I have a friend who I admire very, very much. He’s a senior partner at a large law firm. He’s worked at the firm for many years. Our sons played Little League baseball and other sports together. And he was there for every event. He coached. He cheered. He rarely missed a game. And yet he rose to be extremely successful.
Is my friend so smart? Oh, he’s smart. But frankly (and I’m sure he’ll agree with me) he’s really no smarter than many people I know. He’s just more productive. In fact, he’s one of the most productive people I know. How else can he be so successful at work, yet still have enough balance to spend time with all of his kids and his wife of more than 20 years?
He knows how to use his brains the right way. Here’s what he does:
Sure he works hard. He gets up early. He stays late when he has to. He emails and he texts. He’s extremely organized and efficient. He’s all of that. And that’s important if you want to be productive. But there’s being busy and then there’s being productive.
Productive people are the ones who get the most done with the resources they have. This is why CEOs and senior partners of large law firms are paid so well — they’re talented at moving dozens, hundreds, thousands of people in the direction they want. This is how my friend does it.
He’s not afraid to hand over important work or a beloved client to someone else. He knows that to get more done, more people need to get involved. He knows that if he wants to be at his son’s baseball game, someone else is going to have to get the work done for him. He is willing to incur the costs of that person, to share the profits, to give up some control. He’s prepared for mistakes to be made (and they will be made). He makes himself completely available to answer questions and be there if any bigger issues come up. He coaches, he mentors, he counsels and all this to grow that younger, less experienced person into someone more productive and valuable for his firm… and for him.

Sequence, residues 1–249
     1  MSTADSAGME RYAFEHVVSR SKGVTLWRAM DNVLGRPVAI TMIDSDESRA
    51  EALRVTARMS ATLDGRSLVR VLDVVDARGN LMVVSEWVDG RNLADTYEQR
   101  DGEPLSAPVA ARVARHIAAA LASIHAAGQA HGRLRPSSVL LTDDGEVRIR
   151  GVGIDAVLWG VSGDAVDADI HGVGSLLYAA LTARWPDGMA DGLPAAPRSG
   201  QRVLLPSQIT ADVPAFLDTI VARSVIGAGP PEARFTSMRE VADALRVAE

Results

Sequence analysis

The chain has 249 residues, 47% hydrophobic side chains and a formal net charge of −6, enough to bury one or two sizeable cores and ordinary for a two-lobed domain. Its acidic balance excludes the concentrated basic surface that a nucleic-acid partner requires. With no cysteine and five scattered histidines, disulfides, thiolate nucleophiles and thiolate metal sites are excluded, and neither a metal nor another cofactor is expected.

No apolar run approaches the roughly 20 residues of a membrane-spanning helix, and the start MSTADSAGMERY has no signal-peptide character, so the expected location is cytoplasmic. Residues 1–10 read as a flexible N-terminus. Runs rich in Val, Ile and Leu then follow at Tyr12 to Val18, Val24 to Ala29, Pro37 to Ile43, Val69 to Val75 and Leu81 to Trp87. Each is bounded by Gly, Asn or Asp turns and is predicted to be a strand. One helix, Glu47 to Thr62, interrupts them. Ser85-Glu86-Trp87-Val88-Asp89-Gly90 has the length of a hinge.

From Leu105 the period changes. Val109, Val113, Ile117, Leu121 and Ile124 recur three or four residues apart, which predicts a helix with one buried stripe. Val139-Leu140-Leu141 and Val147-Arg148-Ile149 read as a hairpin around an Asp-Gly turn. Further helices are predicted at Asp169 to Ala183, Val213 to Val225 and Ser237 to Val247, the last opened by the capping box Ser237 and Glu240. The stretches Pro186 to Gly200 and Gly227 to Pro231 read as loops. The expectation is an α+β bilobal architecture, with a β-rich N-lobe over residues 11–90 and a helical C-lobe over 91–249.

Of course there’s some technology involved. I mentioned email and texting. But this is 2015 and today’s companies, my friend’s firm included, rely on collaboration tools like Office 365 to get more stuff done in the same amount of time. They share client data in a hosted database. They use an online word document and spreadsheet platform. They save documents to cloud-based storage locations. They do video calls and take advantage of mobile applications when necessary. All of this is important for the business owner and manager.
But those are just tools. And productivity is not about tools. It’s about an attitude. And my friend, the successful senior partner at a large law firm, has the productivity attitude. It begins and ends with only one question: “Who’s going to do this for me?”
My friend has a busy schedule. He has meetings. Client visits. An occasional case. And don’t forget those Little League baseball games! When things come up he doesn’t sigh and wonder how it’s all going to get done. Instead, he immediately thinks “who’s going to do this for me?” He’s not avoiding the responsibility. He’s not shirking work. He’s moving the task to someone who can get the job done, without relinquishing his responsibility or ownership. My friend believes that other people make him more productive. And in turn, they make his business more profitable.
So, do you want to be productive?
Then focus on what you do best — and delegate the rest! Surround yourself with capable individuals who can get the work done for you. Don’t be afraid to incur the cost or share the profits because the more that gets competently accomplished, the more profits there will be for all.